Our steam bent stand will feature exquisite, carefully curated gardens designed by critically acclaimed Cornish designer, and RHS Chelsea Flower Show double gold medallist, Darren Hawkes.
Soft, subtle planting of predominantly green tones will be interspersed with splashes of purple and pink to recreate a calming English countryside feel, reminiscent of the beautiful wild woodland surrounding our Cornish studio.
Despite the snowy conditions experienced last month, we are pleased to report that all of the plants and flowers are flourishing, including our wildflower turf roof (set to go on top of our steam bent pavilion structure).
Here's a sneak preview of some of the plants you can expect to see:
Goat’s Beard (AruncusDioicus)
A member of the Rosaceae Family, Goat's Beard prefers to grow in moist woodland. Plants with ‘male’ flowers produce showier plumes whilst the 'female’ flowers tend to be pendent and less creamy white in colour.
Remote Sedge (Carex Remota)
A beautiful evergreen grass that bears pale yellow flowers in late summer and suites shaded, patio areas.
Common Foxglove (Digitalis Purpurea)
A Cornish true favourite and hedgerow frequenter, the common Fox Glove attracts bees and butterflies with its source of pollen and is intended to bring a touch of country life to the city. The fox Glove grows in most soil types, but tends not to like extreme temperature fluctuations and extreme conditions.
Barrenwort (Epimedium Gradiflorum)
Barrenwort is another evergreen perennial joining our line up for Chelsea Flower Show. The plant flowers from April to May (perfect for our garden) and produces heart-shaped foliage. Darren chose Barrenwort due to it being a very hardy plant which grows voraciously in the wild Cornish woodlands due to it preferring partially shaded conditions.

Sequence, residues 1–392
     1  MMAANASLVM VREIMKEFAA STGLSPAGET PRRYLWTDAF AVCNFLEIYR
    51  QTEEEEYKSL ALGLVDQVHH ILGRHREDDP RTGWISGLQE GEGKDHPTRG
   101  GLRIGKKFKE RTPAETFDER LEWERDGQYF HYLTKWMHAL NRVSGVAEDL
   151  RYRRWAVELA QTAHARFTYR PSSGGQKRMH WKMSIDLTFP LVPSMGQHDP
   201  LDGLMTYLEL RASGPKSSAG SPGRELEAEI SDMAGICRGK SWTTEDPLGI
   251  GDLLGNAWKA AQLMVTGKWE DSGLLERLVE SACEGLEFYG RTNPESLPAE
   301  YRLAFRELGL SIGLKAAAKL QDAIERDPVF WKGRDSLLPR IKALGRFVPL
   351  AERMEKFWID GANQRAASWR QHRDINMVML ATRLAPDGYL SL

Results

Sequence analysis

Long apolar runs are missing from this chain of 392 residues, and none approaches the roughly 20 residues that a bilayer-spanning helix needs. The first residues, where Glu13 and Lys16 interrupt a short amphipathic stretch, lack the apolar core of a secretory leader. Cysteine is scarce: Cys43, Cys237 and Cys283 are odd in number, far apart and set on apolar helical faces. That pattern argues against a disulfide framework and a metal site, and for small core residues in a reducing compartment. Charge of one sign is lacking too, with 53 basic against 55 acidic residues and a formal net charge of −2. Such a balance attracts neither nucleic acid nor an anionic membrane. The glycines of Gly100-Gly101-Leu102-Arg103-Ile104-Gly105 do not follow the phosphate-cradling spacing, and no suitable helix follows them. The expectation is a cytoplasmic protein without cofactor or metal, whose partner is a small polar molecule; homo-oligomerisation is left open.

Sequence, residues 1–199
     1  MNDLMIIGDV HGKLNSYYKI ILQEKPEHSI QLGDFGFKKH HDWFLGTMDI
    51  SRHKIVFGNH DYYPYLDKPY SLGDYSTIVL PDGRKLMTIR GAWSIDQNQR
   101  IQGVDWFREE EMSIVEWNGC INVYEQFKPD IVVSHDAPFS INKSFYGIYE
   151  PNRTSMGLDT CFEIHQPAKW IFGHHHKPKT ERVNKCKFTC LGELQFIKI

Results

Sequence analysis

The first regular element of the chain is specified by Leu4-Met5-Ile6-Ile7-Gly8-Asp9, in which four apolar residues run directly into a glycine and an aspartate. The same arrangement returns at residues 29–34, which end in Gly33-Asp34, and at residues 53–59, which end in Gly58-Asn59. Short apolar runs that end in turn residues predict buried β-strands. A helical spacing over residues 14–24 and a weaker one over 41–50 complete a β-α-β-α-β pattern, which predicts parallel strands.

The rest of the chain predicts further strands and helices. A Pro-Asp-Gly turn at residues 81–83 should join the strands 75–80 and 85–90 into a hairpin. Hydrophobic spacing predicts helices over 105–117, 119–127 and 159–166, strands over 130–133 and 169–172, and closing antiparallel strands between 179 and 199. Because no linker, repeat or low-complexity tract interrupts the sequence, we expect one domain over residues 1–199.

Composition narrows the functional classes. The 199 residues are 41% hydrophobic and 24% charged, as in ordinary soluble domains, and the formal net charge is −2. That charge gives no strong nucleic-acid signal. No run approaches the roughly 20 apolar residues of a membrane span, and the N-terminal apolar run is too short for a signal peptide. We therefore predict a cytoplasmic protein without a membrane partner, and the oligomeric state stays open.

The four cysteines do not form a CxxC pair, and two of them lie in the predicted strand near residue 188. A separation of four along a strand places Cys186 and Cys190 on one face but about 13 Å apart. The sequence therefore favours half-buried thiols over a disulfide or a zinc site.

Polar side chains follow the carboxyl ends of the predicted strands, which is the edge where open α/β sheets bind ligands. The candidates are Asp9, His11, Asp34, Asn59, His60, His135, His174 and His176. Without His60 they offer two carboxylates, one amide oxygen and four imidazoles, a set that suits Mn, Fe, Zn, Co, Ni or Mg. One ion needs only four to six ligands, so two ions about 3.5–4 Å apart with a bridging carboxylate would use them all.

Scented Bedstraw (Galium Odoratum)
Other names include Woodruff, Sweet Woodruff and Wild Baby’s Breath. Scented Bedstraw is a herbaceous plant with beautiful, distinctive, sweet smelling foliage. prefering partial shade, much like Barrenwort, the plant grows best in mosit, rich soils.
Ostrich Fern (Matteucia Struthiopteris)
This unusual fern gains its name from its said resemblance to Ostrich plumes. Matteucia Struthiopteris favours riverbanks and sandbars and is a crown forming, colony plant. We can't wait to see this one in situ, the beautiful zingy green will really compliment the steam bent ash pavilion.
Solomon’s Seal (PolygonatumBiflorum)
Also known as 'Smooth Solomon’s Seal' or 'Great Solomon’s Seal' this leafy plant is said to possess scars on it that resemble the ancient Hebrew seal of King Solomon. In May, small white green flowers droop from the stalks and later produce small blue berries.
Sem produces small white flowers in summer and has fern like foliage that begins to unfurl in spring, changing colour as the season progresses. Originating in the Ural Mountains this shrub prefers partial or full sun and grows best in well drained soil.